What Makes a Viral Video?

What makes a viral video? This is the question that plagues content marketers, CMOs, ad agencies, and YouTube aficionados across the world. And the answer isn’t simple, for it’s not the producer that determines whether a video goes viral. It’s the public.

So do you want to produce a viral video? If you own a business of any kind, or are interested in earning publicity online, chances are you do. And even if you don’t, you’ll be convinced in only a few paragraphs. So take a moment to get an insider’s look into exactly what makes a video go viral, as well as some tips on how you can make yours the next one!

A Brief History of Viral Videos

Though often associated with the rise and popularity of YouTube, “viral” videos existed long before videos even became a staple of internet marketing. One of the first examples was the 3D “dancing baby” GIF, which spread at light speed through email in the late 1990s.

YouTube has certainly been instrumental in the creation and dissemination of viral videos, though. The “Star Wars kid” and the Lonely Island’s “Dick in a Box” all have YouTube to thank for their five minutes of fame.

But YouTube is only one part of the equation. It’s the medium on which viral videos are initially released, but oftentimes it’s not how they are first found. Any video that has gone viral within the past decade has only done so because of the rise of social media as a whole, and not merely YouTube. Facebook, Twitter, Tumblr, Google+, LinkedIn, and Instagram have all played their part in pushing videos viral.

Elements of a Viral Video

Are there any common elements that we can discern in this history of viral videos? Closely inspecting each one, we can see at least 3 factors at play in the video content alone.


Emotion is certainly the foremost element in anything that goes viral, which includes more than just videos. We might think of viral videos as solely comedic, but there have been significant examples of ones that didn’t make anyone laugh out loud (one is discussed below).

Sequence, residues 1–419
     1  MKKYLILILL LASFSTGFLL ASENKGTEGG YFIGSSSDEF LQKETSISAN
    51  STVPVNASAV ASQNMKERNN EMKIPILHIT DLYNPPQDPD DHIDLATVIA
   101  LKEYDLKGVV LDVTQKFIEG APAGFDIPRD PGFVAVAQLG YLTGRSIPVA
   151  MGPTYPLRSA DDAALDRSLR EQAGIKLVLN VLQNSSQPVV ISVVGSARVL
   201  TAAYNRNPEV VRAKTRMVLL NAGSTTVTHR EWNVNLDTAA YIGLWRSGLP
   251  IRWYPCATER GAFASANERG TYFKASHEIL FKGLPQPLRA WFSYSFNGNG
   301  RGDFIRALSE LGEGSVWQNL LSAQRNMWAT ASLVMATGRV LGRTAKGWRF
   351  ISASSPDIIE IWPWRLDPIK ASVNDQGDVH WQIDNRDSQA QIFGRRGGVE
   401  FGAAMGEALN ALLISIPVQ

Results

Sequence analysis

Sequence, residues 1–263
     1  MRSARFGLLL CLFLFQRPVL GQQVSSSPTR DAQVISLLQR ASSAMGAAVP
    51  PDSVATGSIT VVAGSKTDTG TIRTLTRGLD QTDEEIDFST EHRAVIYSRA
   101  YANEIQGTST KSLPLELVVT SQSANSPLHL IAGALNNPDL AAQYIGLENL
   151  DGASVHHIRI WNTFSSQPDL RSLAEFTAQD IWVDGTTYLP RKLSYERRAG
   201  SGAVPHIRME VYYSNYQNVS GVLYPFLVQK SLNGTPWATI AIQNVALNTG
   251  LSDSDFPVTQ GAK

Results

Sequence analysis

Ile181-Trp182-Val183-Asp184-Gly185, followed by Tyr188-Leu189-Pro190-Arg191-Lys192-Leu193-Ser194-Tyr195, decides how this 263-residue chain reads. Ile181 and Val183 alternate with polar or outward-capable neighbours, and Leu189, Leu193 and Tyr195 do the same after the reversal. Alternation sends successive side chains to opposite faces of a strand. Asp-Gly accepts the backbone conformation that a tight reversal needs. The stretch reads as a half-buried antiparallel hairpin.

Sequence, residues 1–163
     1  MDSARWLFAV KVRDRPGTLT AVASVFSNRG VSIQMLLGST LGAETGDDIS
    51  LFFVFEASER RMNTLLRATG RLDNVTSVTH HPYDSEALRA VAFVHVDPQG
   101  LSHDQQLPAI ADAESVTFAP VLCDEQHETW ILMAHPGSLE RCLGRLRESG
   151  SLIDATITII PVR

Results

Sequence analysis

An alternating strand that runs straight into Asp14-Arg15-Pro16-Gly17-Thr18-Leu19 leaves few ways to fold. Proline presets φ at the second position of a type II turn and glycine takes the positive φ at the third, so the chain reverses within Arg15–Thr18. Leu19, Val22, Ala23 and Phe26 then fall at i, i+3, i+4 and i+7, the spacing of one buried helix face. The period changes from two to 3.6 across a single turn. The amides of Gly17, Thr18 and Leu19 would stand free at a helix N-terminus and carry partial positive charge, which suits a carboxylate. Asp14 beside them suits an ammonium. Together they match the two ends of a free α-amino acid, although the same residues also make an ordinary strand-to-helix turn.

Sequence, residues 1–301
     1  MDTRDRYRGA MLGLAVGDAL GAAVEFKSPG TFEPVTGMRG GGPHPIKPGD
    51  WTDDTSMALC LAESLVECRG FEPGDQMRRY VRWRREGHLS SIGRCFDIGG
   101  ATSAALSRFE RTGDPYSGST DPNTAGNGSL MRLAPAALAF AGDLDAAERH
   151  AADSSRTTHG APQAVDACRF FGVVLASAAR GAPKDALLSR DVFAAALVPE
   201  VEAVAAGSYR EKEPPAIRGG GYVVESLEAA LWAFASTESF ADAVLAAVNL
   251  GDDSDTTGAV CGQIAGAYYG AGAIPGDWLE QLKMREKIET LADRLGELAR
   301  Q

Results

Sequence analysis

One thing that went viral without ever touching a video camera was “The Dress.” On February 26, 2015, picture of the Lace Detail Bodycon Ladies Dress by Roman Originals took the world by storm with just a single Tumblr post. Only a day later, it was the focus of over 10 million tweets, 400,000 Tumblr notes, and 2,700 upvotes and 3,600 comments on Reddit.

What was so special about this seemingly ordinary dress? Behind a single picture was an optical illusion that made the dress seem either black and blue or white and gold, depending on how one looked at it. And, because sight is our entire perception of the world, different people seeing different colors soon became an argument about the nature of reality.

The lesson here is that contention is just as powerful as laughter. The purpose of a viral video — or viral anything — is not merely to make people giggle. It’s to provoke a powerful, visceral reaction that causes them to comment, to share and to engage.


Trendability (i.e. a “hot-button topic”) is another factor, and one that should seem fairly obvious. After all, what are viral videos if not trendy? Of course the subject has to be trendy. That’s a given. However, not everything that is trendworthy goes viral.

So how do you know which videos comprise the perfect mix of trendability and the potential to go viral? The best place to start is always social media. Since the meteoric rise of Facebook and Twitter, at least one social medium has been crucial in pushing viral videos.

To see what other people are talking about and how you can capitalize on this embedded trendability, simply head over to a relevant social platform and check out the discussions and hashtags, like so:


At first glance, it probably seems like nothing here has to do with your business. But, with a little creativity, any of this can apply to your business.

At the moment, Wes Craven is a trending topic because he recently passed away. So, let’s say your clothing store features a video of someone trying on a pair of new shoes. Ghostface (from Craven’s horror classic Scream) appears and looks as menacing as ever, but he’s not here to slash suburban teenagers — he’s here to slash prices!

Attention-Grabbing (and Retaining)

Finally, a viral video must not only IMMEDIATELY grab the audience’s attention, but it must also retain that attention for its entire duration. This is a bit more technical than it may seem, and it gets into some of the hidden, behind-the-scenes work of producing and distributing a video.

First, consider what the viewer sees when they first come across a video. If nothing else, they see: a) the title/headline, and b) the video thumbnail. Both of these must be optimized to drive the maximum number of clicks.

They must take into account the emotions provoked as well as the trendability of the subject, while also making an offer the viewer can’t refuse. The title and thumbnail of everything viral should imply, “You won’t be able to move on with your life until you click this video, so click it right now!”